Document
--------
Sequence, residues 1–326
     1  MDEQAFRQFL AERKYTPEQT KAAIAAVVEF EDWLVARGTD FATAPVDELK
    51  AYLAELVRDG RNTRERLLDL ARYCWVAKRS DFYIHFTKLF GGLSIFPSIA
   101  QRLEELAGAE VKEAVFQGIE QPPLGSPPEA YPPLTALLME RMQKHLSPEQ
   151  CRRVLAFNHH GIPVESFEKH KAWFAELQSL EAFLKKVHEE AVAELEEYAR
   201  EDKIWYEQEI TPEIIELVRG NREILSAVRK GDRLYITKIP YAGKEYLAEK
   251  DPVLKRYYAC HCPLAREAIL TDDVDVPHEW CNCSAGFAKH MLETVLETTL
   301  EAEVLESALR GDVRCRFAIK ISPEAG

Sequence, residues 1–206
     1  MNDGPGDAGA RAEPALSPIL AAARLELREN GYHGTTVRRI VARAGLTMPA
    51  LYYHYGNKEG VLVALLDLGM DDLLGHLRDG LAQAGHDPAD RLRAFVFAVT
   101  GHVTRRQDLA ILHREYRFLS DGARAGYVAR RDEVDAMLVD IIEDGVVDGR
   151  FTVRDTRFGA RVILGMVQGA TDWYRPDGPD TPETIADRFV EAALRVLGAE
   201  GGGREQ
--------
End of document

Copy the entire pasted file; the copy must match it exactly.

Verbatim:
Sequence, residues 1–326
     1  MDEQAFRQFL AERKYTPEQT KAAIAAVVEF EDWLVARGTD FATAPVDELK
    51  AYLAELVRDG RNTRERLLDL ARYCWVAKRS DFYIHFTKLF GGLSIFPSIA
   101  QRLEELAGAE VKEAVFQGIE QPPLGSPPEA YPPLTALLME RMQKHLSPEQ
   151  CRRVLAFNHH GIPVESFEKH KAWFAELQSL EAFLKKVHEE AVAELEEYAR
   201  EDKIWYEQEI TPEIIELVRG NREILSAVRK GDRLYITKIP YAGKEYLAEK
   251  DPVLKRYYAC HCPLAREAIL TDDVDVPHEW CNCSAGFAKH MLETVLETTL
   301  EAEVLESALR GDVRCRFAIK ISPEAG

Sequence, residues 1–206
     1  MNDGPGDAGA RAEPALSPIL AAARLELREN GYHGTTVRRI VARAGLTMPA
    51  LYYHYGNKEG VLVALLDLGM DDLLGHLRDG LAQAGHDPAD RLRAFVFAVT
   101  GHVTRRQDLA ILHREYRFLS DGARAGYVAR RDEVDAMLVD IIEDGVVDGR
   151  FTVRDTRFGA RVILGMVQGA TDWYRPDGPD TPETIADRFV EAALRVLGAE
   201  GGGREQ